There is an increased risk for metastatic spread for SCCs that are histologically moderately to poorly differentiated, and for facial lesions, particularly temple, nose, lip, periocular, or periauricular.
SCCs with perineural invasion do not have an increased risk of recurrence.
Mohs for recurrent SCC can provide local cure rates of 94% or greater.
For SCC the combination of chemotherapy agents cisplatin, 5-FU and bleomycin had an overall response rate of 79%
For advanced head and neck SCC cetuximab, a monoclonal antibody inhibitor of epidermal growth factor receptor, has been shown to have effect
Induction chemotherapy with docetaxel, cisplatin and flurorouracil offers increased median time survival for locally advanced SCC of head and neck when used alone
F When used with concurrent chemoradiotherapy
Incidence of nodal mets greatly increases with Breslow depth
T Used for invasive melanomas intermediate in depth between 1 and 4mm
Radiotherapy is the treatment of choice for verrucous carcinoma.
F Becomes more aggressive after XRT.
Mohs micrographic surgery has been successfully used to treat Merkel cell carcinoma, a neuroendocrine tumour of the skin
The pathogenesis of Merkel cell carcinoma is linked to a virus in some cases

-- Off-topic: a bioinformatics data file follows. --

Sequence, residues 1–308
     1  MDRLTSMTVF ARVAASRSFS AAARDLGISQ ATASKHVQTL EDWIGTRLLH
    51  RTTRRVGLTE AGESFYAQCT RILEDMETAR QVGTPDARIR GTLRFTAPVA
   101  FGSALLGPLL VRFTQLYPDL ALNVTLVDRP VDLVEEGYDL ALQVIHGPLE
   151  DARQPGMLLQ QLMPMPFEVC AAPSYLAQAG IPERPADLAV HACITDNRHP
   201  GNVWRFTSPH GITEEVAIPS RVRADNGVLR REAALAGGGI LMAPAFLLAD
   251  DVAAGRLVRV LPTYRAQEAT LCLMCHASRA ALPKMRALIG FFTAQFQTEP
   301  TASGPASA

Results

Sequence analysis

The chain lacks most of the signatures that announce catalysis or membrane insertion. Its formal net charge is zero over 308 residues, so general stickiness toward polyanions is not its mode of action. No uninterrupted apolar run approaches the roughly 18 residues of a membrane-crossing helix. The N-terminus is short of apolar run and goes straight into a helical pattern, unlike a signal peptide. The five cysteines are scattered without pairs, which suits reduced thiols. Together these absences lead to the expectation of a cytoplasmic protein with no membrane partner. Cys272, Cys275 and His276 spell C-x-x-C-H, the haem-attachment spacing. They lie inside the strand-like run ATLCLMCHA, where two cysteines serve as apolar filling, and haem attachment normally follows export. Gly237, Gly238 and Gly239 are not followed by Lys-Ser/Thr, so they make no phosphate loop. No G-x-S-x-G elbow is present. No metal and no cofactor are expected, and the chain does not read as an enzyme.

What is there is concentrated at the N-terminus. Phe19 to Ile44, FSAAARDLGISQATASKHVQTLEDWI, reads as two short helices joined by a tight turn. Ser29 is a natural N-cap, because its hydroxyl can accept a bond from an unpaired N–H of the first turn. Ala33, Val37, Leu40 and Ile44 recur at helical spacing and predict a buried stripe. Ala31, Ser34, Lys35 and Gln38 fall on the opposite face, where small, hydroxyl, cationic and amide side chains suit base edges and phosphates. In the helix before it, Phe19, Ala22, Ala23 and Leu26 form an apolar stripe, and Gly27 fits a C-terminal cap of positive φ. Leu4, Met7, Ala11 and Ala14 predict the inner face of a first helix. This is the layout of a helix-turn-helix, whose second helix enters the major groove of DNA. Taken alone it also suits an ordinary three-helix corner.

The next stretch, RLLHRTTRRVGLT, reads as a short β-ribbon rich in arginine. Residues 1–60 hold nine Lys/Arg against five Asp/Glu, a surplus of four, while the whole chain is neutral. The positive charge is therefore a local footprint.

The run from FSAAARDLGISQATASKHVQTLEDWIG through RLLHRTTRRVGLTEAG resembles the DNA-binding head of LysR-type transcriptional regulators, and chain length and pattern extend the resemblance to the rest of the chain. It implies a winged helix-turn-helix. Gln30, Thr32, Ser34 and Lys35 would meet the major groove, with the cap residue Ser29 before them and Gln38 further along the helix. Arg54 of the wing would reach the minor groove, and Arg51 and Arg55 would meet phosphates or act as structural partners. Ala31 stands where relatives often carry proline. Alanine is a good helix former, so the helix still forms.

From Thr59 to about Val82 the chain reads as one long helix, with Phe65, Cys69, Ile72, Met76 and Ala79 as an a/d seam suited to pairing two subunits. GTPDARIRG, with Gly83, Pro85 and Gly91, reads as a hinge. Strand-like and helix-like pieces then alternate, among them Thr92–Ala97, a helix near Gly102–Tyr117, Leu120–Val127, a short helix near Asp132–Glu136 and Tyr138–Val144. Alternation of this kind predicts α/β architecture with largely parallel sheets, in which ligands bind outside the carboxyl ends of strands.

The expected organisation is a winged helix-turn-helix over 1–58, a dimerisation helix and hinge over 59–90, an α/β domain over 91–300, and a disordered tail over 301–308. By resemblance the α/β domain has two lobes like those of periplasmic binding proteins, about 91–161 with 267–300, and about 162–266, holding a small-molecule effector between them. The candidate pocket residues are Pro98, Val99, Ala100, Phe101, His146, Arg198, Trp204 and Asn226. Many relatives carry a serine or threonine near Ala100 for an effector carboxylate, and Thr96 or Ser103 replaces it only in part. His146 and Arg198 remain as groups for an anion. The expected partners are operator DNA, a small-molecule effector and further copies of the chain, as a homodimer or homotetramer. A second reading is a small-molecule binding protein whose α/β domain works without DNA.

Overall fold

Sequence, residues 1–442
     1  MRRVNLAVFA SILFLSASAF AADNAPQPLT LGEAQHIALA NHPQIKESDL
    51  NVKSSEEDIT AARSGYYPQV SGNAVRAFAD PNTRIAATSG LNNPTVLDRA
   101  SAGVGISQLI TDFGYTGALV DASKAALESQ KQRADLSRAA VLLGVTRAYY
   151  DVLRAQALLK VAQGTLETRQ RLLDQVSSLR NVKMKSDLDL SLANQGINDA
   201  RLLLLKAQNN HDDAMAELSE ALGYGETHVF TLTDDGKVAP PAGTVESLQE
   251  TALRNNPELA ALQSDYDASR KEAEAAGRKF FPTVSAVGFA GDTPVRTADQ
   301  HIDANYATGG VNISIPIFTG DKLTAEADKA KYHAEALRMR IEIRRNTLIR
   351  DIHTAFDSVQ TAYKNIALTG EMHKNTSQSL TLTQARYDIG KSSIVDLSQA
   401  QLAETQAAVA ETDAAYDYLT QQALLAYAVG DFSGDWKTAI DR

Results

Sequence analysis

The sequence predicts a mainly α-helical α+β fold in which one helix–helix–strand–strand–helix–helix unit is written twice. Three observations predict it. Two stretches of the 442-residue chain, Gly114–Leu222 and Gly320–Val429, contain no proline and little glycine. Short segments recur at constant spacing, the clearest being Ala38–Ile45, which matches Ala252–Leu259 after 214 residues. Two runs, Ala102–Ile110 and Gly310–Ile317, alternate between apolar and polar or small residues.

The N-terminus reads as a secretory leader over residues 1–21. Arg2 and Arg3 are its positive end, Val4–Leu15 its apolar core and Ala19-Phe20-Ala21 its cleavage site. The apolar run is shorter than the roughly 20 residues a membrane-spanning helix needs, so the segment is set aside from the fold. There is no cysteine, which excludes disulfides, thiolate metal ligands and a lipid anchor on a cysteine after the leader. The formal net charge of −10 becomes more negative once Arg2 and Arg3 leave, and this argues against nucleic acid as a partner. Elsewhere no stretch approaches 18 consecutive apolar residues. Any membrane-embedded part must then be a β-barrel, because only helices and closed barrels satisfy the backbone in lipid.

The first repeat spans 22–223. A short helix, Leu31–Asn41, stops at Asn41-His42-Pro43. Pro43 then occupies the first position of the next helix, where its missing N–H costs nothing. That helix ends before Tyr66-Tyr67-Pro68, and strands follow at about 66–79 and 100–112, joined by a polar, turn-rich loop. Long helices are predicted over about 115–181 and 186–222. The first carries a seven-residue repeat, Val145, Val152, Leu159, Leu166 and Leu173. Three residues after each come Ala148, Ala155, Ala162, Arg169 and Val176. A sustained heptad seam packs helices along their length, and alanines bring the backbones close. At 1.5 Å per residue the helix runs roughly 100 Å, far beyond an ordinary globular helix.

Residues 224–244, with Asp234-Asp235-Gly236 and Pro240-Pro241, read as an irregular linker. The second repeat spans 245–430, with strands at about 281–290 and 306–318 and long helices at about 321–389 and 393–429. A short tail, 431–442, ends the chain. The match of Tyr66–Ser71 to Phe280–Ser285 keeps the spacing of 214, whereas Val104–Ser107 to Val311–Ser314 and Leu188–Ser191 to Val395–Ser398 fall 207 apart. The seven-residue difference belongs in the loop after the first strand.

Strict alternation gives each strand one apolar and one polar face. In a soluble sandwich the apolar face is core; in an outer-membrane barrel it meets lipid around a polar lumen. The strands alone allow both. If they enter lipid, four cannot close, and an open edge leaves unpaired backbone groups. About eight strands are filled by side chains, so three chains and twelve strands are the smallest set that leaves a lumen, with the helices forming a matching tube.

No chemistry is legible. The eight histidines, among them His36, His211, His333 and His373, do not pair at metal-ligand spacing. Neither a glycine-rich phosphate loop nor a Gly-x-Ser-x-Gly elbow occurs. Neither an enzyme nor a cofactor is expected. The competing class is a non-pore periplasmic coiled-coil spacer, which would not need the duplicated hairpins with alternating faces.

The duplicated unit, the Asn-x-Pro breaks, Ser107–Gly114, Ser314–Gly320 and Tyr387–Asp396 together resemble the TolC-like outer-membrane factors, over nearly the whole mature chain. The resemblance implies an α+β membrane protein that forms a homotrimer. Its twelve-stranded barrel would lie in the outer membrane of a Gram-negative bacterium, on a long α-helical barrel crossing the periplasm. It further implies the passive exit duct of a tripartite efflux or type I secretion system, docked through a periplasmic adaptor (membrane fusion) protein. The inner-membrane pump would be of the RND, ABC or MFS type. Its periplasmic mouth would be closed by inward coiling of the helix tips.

T Merkel cell polymavirus
Merkel cell carcinoma has local recurrence rates of 30%, regional node involvement rates of up to 50%, and metastatic rates of 40%.
Survival rates for Merkel cell carcinoma statistically correlate with nodal status.
A 2cm margin is recommended for primary excision of Merkel cell carcinoma.
Although the optimal treatment of Merkel cell carcinoma is unknown, radiation therapy is a commonly used adjunct to surgery to improve local control
Adjunctive chemo for Merkel cell has been proven to improve survival
F No chemotherapy protocol has been shown to improve survival
Adjuvant XRT is recommended for large, recurrent or incompletely excised Merkel cell carcinomas.
Dermatofibrosarcoma protuberans is characteristically a rapid growing, locally aggressive malignant tumour of the skin
F A slow growing tumour
Dermatofibrosarcoma protuberans is most common on the distal extremity.
F Trunk, upper thighs, groin.
Recurrence rates after wide excision of DFSP can be as high as 60%.
DFSP rarely metastasize.
DFSP tumours over 2cm in dimaeter need a margin of 1.5cm
1.5cm margin for DFSP less than 2cm diameter
Larger tumours – 2.5cm margin
DFSP stains positively with CD34
Atypical fibroxanthoma (AFX) usually presents as an ulcerated, erythematous nodule or plaque on heavily actinically damaged skin of the head and neck in older men
Malignant fibrous histiocytoma has a worse prognosis than atypical fibroxanthoma.
Malignant fibrous histiocytoma is a soft tissue sarcoma with a better prognosis with than AFX
F Less favourable
In malignant fibrous histiocytoma special stains may be of value with CD74 positive in 90% of patients
Microcystic adnexal carcinoma (MAC) occurs most commonly on the periorbital region of elderly men.
F Upper lip in middle-aged women.
MAC frequently invade into skeletal muscle, and perineural invasion is often seen.
Local recurrence rate for MAC excised with standard excision is 10%.
F Almost 50%. Mohs is 10%.
Primary eccrine adenocarcinoma (eccrine porocarcinoma) is radioresistant.